Do Processed Foods Increase Fat Gain? - Coach Mark Carroll


Aug 19, 2022
Sheridan Skye

Though “if it fits your macros” (IIFYM) has grown in popularity in recent years, there is still a lot of confusion about what the term actually means. IIFYM stands for “if it fits your macros” and refers to a style of eating that emphasises macronutrients (protein, fat, and carbs) rather than specific foods. The idea behind IIFYM is that you can eat whatever foods you want as long as you hit your nutrient goals for the day. This approach can be helpful for people who have trouble sticking to traditional diets, as it offers more flexibility and allows you to enjoy your favourite foods without feeling guilty. However, IIFYM is not a free pass to eat whatever you want, whenever you want (at least, that’s not how Mark or I recommend following IIFYM). To reap the benefits of this eating style, you need to ensure that you’re getting adequate nutrients from nutrient-dense foods. 

Key terms:

Since we will be discussing the role a processed food diet has on fat accumulation, instead of words like health, wholefoods and processed foods, I will be using words such as: 

  • Nutrient-dense, low-energy foods and 
  • Energy-dense, low nutrient foods 


People often think of ‘bad’ foods when they hear the word ‘processed’, and I take issue with this for a few reasons.

Reason #1: Food holds no morals, only the morals you place on it. 

There’s no such thing as a universal’ bad’ food for everyone. Sure, some foods may not be the best choice for someone trying to lose weight or lower their cholesterol, but that doesn’t mean that those same foods can’t be enjoyed in moderation as part of a healthy, balanced diet. So next time you feel guilty about indulging in your favourite treat, remember that it’s OK to enjoy all kinds of food. 

Reason #2: “Health” is a subjective experience. 

When it comes to health, there is no one-size-fits-all approach. What works for one person may not work for another, and what is healthy for one person may not be healthy for another. This is because our bodies are unique, and we each have different genetic makeups, lifestyles, and medical histories. As a result, what is healthy for one person may not be healthy for another. 

Reason #3: Not all processed foods are ‘bad’, and some even benefit us. 

Processed foods are foods that have been altered from their natural state, usually by being packaged, canned, or frozen. People often assume processed food refers to confectionary foods like chocolate, ice cream and lollies. Still, foods such as oats, weetbix, and wholegrain bread are processed and provide us with energy, vitamins and fibre.

Now that we have that covered let’s dig into the study.

This study put males and females without any current medical conditions in a research building for one month and had them consume an ultra-processed diet for two weeks, followed by an unprocessed diet for two weeks. For the purposes of this study, ultra-processed referred to foods such as turkey bacon and bagels with cream cheese, and an unprocessed diet referred to foods such as walnuts, skim milk, bananas and oats. Participants could eat ad libitum, which means as much or as little as they pleased. The researchers found that the ultra-processed food group ate more food during meals and consumed more snacks throughout the day than the unprocessed food groups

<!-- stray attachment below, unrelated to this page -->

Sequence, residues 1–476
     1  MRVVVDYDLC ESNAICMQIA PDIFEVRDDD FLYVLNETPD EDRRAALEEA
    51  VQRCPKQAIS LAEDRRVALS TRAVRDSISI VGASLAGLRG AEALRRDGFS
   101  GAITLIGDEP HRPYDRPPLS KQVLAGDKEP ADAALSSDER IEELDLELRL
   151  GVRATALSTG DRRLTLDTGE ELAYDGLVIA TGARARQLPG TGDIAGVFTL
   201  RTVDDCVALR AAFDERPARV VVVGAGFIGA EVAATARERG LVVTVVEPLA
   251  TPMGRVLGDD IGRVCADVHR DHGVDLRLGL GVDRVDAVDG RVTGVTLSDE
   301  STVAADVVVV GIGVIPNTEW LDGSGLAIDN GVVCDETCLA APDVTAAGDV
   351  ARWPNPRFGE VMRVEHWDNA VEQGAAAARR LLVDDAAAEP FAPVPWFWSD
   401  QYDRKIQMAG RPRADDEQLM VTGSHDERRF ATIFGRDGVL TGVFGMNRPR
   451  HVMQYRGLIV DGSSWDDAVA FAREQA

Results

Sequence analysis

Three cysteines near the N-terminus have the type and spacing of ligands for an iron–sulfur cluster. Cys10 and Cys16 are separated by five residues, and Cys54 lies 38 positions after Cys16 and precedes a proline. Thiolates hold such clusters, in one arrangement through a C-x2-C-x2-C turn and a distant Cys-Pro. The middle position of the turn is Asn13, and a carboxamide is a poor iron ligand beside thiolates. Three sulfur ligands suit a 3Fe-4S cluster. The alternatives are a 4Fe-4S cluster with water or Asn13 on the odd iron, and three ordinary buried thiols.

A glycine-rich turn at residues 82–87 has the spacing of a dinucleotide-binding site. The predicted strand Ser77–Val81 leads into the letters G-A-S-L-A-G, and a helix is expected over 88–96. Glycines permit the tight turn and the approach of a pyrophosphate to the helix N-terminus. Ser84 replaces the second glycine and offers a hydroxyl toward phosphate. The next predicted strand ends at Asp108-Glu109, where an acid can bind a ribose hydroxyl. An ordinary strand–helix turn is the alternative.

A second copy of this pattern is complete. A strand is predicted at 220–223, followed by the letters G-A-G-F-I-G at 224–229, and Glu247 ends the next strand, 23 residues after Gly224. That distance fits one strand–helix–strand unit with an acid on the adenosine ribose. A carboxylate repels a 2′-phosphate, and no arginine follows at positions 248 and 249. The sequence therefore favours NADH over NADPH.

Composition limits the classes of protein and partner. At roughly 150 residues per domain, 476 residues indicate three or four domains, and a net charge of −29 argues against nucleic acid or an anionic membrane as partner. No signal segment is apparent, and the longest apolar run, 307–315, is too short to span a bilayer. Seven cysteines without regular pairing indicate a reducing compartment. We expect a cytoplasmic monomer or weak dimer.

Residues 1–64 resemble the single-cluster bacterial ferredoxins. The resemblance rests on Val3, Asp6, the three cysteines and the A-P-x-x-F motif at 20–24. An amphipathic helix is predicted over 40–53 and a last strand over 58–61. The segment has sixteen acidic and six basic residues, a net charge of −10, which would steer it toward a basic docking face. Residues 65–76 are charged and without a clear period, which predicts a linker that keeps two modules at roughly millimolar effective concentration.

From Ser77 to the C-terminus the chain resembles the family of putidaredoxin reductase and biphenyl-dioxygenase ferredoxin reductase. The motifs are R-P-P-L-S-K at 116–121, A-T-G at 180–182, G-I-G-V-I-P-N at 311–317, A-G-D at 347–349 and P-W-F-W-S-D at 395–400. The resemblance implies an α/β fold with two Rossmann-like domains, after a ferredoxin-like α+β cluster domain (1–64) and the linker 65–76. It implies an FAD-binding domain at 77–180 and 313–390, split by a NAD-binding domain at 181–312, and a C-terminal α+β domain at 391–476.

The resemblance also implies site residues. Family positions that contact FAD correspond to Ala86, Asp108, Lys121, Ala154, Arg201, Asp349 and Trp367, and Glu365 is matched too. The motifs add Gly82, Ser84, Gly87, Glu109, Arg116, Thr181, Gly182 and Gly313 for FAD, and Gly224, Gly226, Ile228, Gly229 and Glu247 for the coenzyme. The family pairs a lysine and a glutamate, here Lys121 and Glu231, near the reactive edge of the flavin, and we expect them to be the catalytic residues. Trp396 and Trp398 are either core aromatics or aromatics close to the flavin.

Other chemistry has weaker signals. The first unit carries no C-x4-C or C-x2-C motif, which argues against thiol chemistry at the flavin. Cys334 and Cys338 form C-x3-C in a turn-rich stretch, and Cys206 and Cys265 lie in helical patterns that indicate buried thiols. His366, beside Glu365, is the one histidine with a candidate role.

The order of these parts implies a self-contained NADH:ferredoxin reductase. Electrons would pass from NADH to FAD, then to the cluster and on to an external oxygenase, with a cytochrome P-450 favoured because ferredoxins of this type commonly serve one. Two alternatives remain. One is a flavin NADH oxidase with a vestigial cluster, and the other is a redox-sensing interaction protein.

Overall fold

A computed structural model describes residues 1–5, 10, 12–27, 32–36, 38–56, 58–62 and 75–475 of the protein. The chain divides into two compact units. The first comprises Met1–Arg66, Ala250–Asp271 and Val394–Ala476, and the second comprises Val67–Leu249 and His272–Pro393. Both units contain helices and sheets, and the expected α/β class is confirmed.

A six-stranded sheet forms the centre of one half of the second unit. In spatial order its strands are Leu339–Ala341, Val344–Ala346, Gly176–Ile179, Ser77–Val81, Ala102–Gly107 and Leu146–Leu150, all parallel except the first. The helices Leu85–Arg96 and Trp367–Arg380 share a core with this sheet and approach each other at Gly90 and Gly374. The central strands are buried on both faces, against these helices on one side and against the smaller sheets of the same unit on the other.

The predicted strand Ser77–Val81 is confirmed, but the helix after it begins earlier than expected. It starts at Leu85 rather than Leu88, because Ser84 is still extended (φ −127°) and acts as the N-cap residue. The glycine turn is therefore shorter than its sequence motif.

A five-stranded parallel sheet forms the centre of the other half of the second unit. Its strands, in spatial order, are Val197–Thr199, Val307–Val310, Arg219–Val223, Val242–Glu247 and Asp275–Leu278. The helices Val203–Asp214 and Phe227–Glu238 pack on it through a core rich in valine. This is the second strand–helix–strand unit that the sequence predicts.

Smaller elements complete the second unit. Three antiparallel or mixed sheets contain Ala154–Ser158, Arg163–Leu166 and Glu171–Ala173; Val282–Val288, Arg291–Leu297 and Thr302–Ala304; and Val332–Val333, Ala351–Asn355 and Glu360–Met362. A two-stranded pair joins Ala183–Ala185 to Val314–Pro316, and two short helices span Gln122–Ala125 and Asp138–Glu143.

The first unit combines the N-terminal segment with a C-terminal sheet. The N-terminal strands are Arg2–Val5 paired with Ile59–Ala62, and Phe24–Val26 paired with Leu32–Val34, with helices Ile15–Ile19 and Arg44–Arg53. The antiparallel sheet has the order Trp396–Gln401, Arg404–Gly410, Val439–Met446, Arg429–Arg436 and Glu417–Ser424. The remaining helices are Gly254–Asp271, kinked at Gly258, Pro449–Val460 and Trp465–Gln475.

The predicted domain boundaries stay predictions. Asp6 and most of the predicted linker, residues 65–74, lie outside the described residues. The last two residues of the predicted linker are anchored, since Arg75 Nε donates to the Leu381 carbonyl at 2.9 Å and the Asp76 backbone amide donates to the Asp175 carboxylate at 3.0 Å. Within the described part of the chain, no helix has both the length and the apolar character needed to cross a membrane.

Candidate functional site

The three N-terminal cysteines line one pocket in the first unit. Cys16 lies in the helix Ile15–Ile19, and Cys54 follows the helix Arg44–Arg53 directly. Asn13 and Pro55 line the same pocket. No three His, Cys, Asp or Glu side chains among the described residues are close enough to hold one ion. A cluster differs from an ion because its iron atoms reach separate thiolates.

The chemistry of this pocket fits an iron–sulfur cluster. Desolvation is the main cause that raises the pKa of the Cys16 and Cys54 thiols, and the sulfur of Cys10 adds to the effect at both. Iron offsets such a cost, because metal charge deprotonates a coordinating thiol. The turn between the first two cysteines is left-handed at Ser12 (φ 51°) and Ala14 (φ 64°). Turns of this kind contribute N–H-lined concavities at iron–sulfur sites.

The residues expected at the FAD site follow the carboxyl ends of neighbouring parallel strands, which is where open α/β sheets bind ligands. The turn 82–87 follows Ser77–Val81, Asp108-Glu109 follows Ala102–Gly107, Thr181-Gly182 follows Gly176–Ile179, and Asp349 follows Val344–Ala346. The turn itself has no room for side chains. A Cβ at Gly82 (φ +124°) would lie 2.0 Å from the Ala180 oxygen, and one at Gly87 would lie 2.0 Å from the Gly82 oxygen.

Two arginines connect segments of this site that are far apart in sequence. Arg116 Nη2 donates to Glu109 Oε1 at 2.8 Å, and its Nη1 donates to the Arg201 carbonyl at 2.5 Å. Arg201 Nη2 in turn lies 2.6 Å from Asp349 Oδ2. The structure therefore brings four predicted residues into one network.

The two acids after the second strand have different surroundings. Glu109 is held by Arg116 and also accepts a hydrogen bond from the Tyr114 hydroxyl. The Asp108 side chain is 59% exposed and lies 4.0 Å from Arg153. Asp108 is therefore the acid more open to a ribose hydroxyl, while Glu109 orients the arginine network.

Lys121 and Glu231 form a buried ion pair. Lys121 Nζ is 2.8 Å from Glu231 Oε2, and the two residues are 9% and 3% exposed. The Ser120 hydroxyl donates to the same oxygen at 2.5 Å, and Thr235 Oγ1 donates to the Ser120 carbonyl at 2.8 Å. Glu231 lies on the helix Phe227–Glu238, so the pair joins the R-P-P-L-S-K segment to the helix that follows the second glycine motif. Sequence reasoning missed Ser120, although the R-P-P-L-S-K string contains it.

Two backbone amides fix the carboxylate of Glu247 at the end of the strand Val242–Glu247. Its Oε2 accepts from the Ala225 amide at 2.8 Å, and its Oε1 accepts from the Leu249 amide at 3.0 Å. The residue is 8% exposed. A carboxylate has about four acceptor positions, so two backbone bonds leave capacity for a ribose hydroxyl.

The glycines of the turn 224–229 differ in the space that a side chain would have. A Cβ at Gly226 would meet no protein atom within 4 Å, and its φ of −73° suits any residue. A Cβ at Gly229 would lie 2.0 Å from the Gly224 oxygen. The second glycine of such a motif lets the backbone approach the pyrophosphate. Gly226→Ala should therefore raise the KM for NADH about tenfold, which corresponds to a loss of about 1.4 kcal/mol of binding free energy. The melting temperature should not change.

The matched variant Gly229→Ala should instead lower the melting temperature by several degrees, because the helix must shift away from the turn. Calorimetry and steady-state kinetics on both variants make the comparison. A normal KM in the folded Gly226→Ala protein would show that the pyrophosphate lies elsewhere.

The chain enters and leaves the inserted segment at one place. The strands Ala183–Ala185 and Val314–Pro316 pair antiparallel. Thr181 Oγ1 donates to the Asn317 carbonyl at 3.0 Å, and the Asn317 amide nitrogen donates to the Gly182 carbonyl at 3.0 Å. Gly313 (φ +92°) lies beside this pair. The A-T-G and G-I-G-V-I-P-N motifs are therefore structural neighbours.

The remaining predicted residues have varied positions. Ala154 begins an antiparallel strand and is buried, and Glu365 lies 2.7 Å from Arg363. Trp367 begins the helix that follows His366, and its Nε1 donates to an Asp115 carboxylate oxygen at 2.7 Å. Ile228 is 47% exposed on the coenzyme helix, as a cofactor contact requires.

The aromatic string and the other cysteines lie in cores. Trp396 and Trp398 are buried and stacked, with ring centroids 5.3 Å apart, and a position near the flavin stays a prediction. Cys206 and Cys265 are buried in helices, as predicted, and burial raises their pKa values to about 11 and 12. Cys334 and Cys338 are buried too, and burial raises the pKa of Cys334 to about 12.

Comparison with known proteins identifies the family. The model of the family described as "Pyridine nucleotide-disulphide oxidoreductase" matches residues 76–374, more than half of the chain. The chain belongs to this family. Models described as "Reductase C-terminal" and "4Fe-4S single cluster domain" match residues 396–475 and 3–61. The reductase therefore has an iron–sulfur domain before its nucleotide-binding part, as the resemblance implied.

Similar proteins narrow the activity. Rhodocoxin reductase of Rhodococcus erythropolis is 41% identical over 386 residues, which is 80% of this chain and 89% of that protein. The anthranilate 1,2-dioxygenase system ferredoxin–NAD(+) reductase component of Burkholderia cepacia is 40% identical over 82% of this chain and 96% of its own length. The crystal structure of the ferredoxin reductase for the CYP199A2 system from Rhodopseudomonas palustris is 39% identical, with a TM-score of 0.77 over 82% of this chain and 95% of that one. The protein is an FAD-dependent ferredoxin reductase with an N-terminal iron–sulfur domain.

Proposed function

So yes, an ultra-processed food diet may lead to fat accumulation compared to an unprocessed diet. 

What is really cool about this study is that both the ultra=processed food diet and the unprocessed food diet contained the same amount of protein, carbohydrates and fats! This is super important because it means that an argument can’t be made that there were other factors such as a decrease in satiation if the protein content of the meals were lower in the ultra-processed food diet. 

So one has to ask themselves, does an ultra-processed food diet directly lead to fat gain or is it simply easier to overconsume calories on an ultra-processed diet? 

And the answer is: that it is easier to overconsume an ultra-processed food diet and, therefore, put yourself in a calorie surplus. This means that an ultra-processed food diet doesn’t directly lead to fat gain. Still, indirectly, it is harder to reach satiation, so you will likely overeat. 

Other considerations

  • An ultra-processed food diet is energy dense and nutrient-low, which may increase the risk of developing micronutrient deficiencies. 
  • An ultra-processed food diet lacks fibre essential for satiety, gut health and cardiovascular health. 
  • Consuming an ultra-processed diet requires you to use more willpower to avoid overeating. 

Practical takeaways

Flexible dieting is a great way to achieve your health and fitness goals. Still, it is essential to be mindful that consuming a nutrient-dense, energy-low eating style improves adherence, satiety and overall health. 

Yours in Health, 

Sheridan Skye.